Graham Hancock

Anthony

The Living Force
FOTCM Member
Approaching Infinity wrote about it here and here. And there's a book review here. Oh, and there a Mind Matters radio show where it's discussed here.

I read it too. It was interesting, and much fits with the discussion on the forum. As for the writing itself, Hancock's writing is a bit long winded but it makes for easy speed reading.
I've also read it having first heard about it on Mind Matters, the guys did a really great job with the show and they've basically covered all the main points from the book. I haven't read other books by Hancock, but he hit the nail on the head with this one, IMO.
 

Cassandane

The Force is Strong With This One
I used to gobble up Graham Hancock's books, but I've read so much further since then that this one seems a bit formulaic and somehow lacking in depth.

I started reading it around the same time as I started Mary Settegast's "When Zarathustra Spoke" and stopped to consider an idea that took hold of my mind and wouldn't let go. This idea was sparked by both Hancock's and Settegast's work as well as the novel "Ishmael" by Daniel Quinn and ideas set forth in the works of Joseph P. Farrell.

A little bit of background: In "Ishmael", Quinn gives an interesting take on the Biblical story of Cain and Abel, where Cain, the farmer of grains, kills Abel, the pastoralist who keeps goats, etc. Quinn sees the brothers as representatives of two competing lifestyles at the dawn of the agricultural revolution. Joseph P. Farrell's work aggregates the works of others on history, science, politics and money and is pretty wide-ranging. He uses the vast amount of research he does to extrapolate and speculate about what might really be behind the curtain, so to speak. He thinks the inhabitants of Atlantis were actually planning to take over the world - and had done so to an enormous extent - when disaster struck and their city was sunk and much of the world destroyed. He thinks that what little evidence is available indicates their intentions were NOT benevolent.

So, if bits of the ideas of these four researchers have any bearing on truth, suppose Hancock's seven sages were actually from Atlantis and somehow did survive the destruction of the city. Suppose, at the end of the Younger Dryas after the comets, etc., struck, they did still have some of the technology that had existed and used it to travel the world and spread the knowledge that had existed prior to the cataclysm - knowledge that, if disseminated to the survivors, could enable a rebuilding of the Atlantean civilization.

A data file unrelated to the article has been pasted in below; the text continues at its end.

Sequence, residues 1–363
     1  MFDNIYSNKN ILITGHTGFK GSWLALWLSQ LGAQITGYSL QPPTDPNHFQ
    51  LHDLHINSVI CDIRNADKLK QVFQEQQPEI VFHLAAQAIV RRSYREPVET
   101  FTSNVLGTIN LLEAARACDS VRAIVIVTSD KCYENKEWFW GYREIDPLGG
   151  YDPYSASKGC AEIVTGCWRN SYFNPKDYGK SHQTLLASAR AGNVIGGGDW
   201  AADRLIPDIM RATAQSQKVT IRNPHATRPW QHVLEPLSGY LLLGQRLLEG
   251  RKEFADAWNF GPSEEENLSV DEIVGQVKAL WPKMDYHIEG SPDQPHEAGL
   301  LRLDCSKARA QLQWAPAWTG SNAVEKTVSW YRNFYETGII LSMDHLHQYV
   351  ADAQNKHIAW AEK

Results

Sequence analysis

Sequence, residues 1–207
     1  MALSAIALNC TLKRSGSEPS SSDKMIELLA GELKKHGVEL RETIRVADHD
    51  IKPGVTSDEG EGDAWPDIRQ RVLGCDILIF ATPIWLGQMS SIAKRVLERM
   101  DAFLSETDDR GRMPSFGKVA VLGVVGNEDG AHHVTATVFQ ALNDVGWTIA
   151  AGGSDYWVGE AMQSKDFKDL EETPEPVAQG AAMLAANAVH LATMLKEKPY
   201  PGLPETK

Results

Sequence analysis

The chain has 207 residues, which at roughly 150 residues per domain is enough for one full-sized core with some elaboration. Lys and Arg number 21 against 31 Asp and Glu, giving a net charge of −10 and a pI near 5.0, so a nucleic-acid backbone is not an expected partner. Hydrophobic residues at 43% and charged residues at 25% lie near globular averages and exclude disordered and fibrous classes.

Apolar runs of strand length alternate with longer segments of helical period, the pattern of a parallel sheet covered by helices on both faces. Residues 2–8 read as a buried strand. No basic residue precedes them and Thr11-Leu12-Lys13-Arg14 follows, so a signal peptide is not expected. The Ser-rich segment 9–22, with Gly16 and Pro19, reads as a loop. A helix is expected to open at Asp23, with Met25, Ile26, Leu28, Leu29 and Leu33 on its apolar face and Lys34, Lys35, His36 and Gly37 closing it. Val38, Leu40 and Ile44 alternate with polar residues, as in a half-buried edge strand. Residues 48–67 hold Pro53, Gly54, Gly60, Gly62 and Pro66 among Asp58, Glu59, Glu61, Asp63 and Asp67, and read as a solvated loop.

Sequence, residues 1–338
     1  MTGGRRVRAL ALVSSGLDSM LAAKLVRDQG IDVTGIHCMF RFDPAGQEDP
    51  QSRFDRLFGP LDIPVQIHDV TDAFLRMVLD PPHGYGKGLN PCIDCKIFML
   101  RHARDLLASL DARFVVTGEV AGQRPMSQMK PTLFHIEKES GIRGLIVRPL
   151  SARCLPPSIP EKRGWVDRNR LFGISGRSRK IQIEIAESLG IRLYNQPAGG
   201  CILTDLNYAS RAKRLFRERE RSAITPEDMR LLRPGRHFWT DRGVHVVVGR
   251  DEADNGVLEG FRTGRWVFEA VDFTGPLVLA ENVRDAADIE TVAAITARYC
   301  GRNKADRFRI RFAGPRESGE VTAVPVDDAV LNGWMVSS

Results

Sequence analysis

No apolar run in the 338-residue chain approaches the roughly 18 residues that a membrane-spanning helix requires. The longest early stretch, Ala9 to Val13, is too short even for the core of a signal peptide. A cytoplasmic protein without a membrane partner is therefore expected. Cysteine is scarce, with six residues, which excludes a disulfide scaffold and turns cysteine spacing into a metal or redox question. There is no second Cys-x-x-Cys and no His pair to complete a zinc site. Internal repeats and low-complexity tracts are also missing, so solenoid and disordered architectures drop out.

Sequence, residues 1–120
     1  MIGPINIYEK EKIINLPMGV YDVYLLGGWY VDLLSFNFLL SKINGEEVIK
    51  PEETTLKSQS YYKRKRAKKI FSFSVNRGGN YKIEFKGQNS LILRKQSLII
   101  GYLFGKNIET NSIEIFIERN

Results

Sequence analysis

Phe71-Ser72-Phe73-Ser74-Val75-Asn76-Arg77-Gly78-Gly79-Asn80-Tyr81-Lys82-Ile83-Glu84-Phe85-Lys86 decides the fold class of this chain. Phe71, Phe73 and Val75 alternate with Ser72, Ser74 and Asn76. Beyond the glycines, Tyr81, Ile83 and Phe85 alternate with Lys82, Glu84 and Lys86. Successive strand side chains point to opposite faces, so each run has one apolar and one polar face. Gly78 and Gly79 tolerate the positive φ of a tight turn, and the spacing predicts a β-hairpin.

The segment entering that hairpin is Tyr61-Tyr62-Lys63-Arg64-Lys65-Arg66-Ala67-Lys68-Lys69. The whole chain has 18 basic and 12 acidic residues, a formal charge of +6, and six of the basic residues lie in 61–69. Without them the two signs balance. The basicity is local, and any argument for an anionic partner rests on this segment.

If that is so, these seven sages appear to have jump-started civilization quite successfully. All over the world, the same ideas seem to have taken root: agriculture, power in the hands of the few, war, religion, money, propaganda, cities full of square buildings, love of material things beyond what is immediately needed for life. Archaeologists seem to be constantly amazed that these ideas appear to have arisen independently in so many places and sprung into being without any preamble. Now these ideas are so accepted as the natural way of human life that we never question why we need to accept them and live this way. They are also quite destructive and inhibiting.

Mary Settegast places Zarathustra much nearer the end of the Younger Dryas than other scholars, and her conclusion seems well-reasoned. She also describes his main message as being mostly about agriculture - possibly the root of the Biblical injunction to "subdue the Earth". Like Quinn, she hints at an interesting picture of what life was like during the transition from hunter-gatherer to a settled, agricultural lifestyle - apparently there was considerable cattle-rustling going on, maybe even enough to convince those who had settled down to go back to their old hunting ways. So, along comes Zarathustra with a message that sways people back to agriculture. He seems to have been wildly successful at convincing people to do what may or may not have been in their long term best interests. Who was he? Where did he get his ideas? He was apparently a priest, although Settegast suggests there may have been more than one "Zarathustra" that was head of a priestly order. Depending on how accurate our measurement of time really is, Zarathustra - or at least the original one - may have been a recipient of knowledge from one of the seven sages, who also apparently stressed agriculture.

I find the idea of a group of men jump-starting civilization after the last cataclysm fascinating, not least because with all the talk of disaster likely to overtake the human race that has been in the air during the last 70 or so years. If you look back at history, in some respects you can see a clear timeline of the development of concepts that are decidedly STS. Humans are relatively short-lived, so how have these ideas managed to maintain traction in the human mind without outside help? Ah, you say, it's human nature. I'm not so sure. I find it hard to believe that real human nature is like that. That's why I found Laura's disseminating of the concept of psychopathy so illuminating. Especially since it's fairly obvious that the knowledge-hoarders who intent to ride out the coming catastrophe are more likely than not to be psychopaths.

Anyway, I would love to know what your thoughts are on what I've written here.
 
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